VIJAYAWADA: With uncertainty prevailing over various projects in Amaravati including the ‘Start-up’ area to be developed by the Singapore Consortium, Singapore in-charge Trade Minister S Iswaran, who was instrumental in the State government signed a pact with the island nation, said that the firms were evaluating the impact of the new government’s decision to review the capital city works on their investment opportunities. The announcement has come at a time when speculation is rife that the consortium expressed its willingness to exit the project amicably.
Even though the agreement between Singapore Amaravati Investment Holdings Ltd (SAIH) and Amaravati Development Corporation Ltd (ADCL) was signed in June 2018, when Iswaran announced that significant progress would be made in six months, the project remained a non-starter.
With the change of guard in the State in May this year, the Singapore government has been closely watching the developments with the new dispensation deciding to review all the capital city projects and put Amaravati on the back burner.
Speculation is rife that the YSRC government may drop the Start-up area development. When asked about the status of the agreement with Singapore firms, a key minister in YS Jagan Mohan Reddy’s cabinet, hinting that the project would not be taken up, told TNIE, “The Singapore firms know what they have to do. They have agreed to amicably back out.” To a query on the international arbitration at London clause in the agreement, the minister said, “All issues are being examined to see that it is a win-win situation for both the parties.”
For the record, SIAH, consisting of Ascendas-Singbridge and Sembcrop Development Ltd, and ADCL together formed Amaravati Development Partners (ADP) to develop 1,691 acres of Start-up area, aimed at kick-starting economic activity in greenfield capital envisioned by the TDP government. While SAIH has 58 per cent stake in ADP, ADCL has 42 per cent.
Even though the previous TDP government last year infused capital into the ADP and also prepared the master plan for development of phase-1 of the project, it did not materialise.
The ADP had planned to pump in a total of `528 crore for the development of Start-up area over 5-10 years. In total, the ADP had chalked out proposals to spend over `2,100 crore for development of infrastructure. While the land was given by the ADCL, Singapore firms were to develop it and bring investments. The Start-up area was promoted as a project, once developed in 15 years, that would contribute a `1.15 lakh crore to the State’s GSDP. However, all that remains on paper now.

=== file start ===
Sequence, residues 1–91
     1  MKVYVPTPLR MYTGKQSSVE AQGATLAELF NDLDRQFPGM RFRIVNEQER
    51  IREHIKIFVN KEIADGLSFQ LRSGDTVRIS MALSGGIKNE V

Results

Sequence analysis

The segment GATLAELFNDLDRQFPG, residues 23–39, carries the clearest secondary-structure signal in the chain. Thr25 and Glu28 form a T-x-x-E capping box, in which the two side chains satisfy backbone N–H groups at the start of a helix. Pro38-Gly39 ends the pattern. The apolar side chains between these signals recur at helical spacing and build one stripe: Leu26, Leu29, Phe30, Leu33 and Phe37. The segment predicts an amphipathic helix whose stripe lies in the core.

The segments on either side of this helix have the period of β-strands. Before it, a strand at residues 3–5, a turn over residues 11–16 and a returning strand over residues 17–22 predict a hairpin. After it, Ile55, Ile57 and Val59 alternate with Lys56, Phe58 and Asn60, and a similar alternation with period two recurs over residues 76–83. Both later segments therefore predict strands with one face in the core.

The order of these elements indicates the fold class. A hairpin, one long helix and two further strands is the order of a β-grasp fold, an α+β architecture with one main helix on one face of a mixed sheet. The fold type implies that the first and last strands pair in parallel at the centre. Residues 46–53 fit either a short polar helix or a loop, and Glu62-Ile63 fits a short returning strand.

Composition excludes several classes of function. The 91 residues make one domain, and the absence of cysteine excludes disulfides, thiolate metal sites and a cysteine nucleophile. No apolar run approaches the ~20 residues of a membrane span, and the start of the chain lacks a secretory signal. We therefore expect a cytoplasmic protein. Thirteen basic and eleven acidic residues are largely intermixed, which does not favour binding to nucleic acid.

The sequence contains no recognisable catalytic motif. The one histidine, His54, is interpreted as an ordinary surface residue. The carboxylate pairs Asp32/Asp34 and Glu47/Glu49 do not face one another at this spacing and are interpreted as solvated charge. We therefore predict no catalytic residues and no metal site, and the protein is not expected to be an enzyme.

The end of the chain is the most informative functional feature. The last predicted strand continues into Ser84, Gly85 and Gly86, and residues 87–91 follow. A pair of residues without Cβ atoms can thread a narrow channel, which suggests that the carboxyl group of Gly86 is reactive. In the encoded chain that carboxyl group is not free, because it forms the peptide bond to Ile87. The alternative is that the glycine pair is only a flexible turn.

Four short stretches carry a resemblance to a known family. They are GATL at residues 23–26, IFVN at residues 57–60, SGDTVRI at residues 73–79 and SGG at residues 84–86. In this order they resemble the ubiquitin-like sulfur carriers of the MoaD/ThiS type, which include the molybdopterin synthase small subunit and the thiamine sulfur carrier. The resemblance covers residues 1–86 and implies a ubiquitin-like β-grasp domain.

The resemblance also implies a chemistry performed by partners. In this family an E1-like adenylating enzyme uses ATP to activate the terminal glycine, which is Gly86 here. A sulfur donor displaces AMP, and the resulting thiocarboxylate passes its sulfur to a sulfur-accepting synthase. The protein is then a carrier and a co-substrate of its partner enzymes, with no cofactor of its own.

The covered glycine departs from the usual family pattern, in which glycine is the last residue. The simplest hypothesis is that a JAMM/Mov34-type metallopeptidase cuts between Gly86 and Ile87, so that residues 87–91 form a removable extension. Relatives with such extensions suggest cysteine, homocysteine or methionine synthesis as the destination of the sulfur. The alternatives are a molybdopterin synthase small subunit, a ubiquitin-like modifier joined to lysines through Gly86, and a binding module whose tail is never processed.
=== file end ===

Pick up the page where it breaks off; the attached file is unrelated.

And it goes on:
On Tuesday, Iswaran said the investment firms were assessing the situation. In his statement, he noted that the previous government of Andhra Pradesh sought Singapore’s assistance to master plan Start-up area and how Singapore Consortium was awarded the project through Swiss Challenge method.
“The collaboration is complemented by a G2G (government to government) Memorandum of Understanding between government of Singapore and the government of AP for training and capacity building, which was also endorsed by the government of India. The new State government of AP that took office on May 30 is reviewing its plans for capital city project, amidst its other priorities. In July, government of India withdrew its loan request of $300 mn to World Bank and Asian Infrastructure Investment Bank also subsequently withdrew $200 mn loan request. The Singapore Consortium companies are closely following these developments and evaluating the impact on investment opportunities,” he told Singapore Parliament.
To a supplementary question by Workers’ Party Non-Constituency MP Leon Perera on the investment made by the Singapore firms so far and if AP government doled out any incentives, Iswaran noted, “The investments made by companies is commercially confidential, so I am not privy to the details and therefore not able to respond. Secondly, with regard to any subsidies or grants by the government for investments made in the State, the answer is no.”